Is This Trip for Me?
Bordering on South Africa, Namibia’s southern region has a lot to offer in terms of wild desert landscapes and outdoors activities, from canoeing on the Orange River through the other-worldly desert scenery of the |Ai-|Ais/Richtersveld Transfrontier Park to the jaw-dropping majesty of the Fish River Canyon, Africa’s largest canyon.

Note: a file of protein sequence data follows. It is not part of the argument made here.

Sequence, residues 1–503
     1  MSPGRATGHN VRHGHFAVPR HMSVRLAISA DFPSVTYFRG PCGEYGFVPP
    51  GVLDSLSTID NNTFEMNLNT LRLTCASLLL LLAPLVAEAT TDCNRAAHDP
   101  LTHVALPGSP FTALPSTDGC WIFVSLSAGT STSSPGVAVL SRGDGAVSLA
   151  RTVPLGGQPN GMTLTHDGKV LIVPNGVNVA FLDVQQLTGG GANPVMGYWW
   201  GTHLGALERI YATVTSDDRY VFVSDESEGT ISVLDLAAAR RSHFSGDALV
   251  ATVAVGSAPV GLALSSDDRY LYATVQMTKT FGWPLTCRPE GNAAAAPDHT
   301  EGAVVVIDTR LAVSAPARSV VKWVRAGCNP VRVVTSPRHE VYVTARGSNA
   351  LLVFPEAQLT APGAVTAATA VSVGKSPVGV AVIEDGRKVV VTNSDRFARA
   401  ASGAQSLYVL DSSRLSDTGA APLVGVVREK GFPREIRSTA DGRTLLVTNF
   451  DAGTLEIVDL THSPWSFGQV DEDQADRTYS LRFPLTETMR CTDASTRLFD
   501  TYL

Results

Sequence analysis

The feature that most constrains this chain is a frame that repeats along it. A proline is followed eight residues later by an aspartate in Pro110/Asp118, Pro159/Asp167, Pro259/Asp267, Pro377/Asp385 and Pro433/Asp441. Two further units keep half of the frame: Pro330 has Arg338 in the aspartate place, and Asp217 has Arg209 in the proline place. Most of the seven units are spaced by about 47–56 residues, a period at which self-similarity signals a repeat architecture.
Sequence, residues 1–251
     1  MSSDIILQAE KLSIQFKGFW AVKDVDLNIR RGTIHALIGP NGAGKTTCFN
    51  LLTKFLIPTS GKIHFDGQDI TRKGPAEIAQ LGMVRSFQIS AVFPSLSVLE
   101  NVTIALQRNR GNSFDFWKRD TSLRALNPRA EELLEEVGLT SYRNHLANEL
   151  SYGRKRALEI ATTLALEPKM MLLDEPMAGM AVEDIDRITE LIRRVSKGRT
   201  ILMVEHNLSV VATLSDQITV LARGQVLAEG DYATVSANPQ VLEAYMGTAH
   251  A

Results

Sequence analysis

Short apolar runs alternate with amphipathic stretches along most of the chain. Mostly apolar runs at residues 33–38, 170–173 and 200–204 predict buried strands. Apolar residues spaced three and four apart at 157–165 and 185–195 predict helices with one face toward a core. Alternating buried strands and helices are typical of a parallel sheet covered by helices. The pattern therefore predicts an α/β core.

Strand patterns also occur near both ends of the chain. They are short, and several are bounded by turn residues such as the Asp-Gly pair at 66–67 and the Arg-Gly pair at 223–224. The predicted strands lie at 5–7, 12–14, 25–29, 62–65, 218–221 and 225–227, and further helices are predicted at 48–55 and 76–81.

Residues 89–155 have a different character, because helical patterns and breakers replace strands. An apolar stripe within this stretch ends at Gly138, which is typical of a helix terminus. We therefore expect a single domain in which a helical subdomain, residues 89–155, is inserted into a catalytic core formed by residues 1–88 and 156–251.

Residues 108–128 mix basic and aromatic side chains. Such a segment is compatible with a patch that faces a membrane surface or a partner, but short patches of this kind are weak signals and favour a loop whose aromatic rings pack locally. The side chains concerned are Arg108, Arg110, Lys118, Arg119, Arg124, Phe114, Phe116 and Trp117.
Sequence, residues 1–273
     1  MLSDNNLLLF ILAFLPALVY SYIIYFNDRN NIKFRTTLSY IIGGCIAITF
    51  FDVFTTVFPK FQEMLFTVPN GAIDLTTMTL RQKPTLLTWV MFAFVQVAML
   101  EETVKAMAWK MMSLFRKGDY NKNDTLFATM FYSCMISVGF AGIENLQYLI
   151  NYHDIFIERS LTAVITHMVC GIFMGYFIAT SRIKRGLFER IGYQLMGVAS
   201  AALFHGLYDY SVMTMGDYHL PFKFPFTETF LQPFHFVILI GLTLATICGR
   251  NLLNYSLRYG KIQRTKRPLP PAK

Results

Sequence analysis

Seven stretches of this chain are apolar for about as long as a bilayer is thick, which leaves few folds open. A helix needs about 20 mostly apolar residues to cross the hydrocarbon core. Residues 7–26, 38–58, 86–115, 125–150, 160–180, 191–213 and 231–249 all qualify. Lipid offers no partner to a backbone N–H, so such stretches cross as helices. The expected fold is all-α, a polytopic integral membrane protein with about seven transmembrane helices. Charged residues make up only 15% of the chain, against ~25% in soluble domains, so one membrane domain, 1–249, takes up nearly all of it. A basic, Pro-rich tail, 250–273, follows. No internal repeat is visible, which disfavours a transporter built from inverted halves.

Southern Namibia may not be a prime safari destination but what it lacks in famous wildlife it makes up for in sublime desert scenery: sandy plains dotted with quiver trees, jagged granite mountains, and imposing rock formations. The standout highlight of southern Namibia is the Fish River Canyon, but the rest of the |Ai-|Ais/Richtersveld Transfrontier Park is also full of desert wonders, including the richest diversity of succulent flora in the world. On the coast, Lüderitz is an intriguing colonial town, while nearby Kolmanskop, a ghost town, is one of Namibia’s most photographed places and lies on the edge of the Sperrgebiet National Park, Namibia’s newest national park. Most of the park, a diamond mining area that was closed to the public for a century, remains inaccessible, but travellers can now visit on guided expeditions to explore a rich succulent biome, a huge rock arch and two mysterious ghost towns. At Namibia’s border with South Africa, the Orange River meanders its way through wild desert landscapes. Taking a paddle down the river in canoe for a few hours or a few days is the perfect way of taking in this southern beauty at a slow pace. Further north, the NamibRand Nature Reserve is a vast concession on the edge of the Namib-Naukluft National Park where you see desert wildlife such as oryx and springbok against a backdrop of apricot-coloured dunes and silvery plains.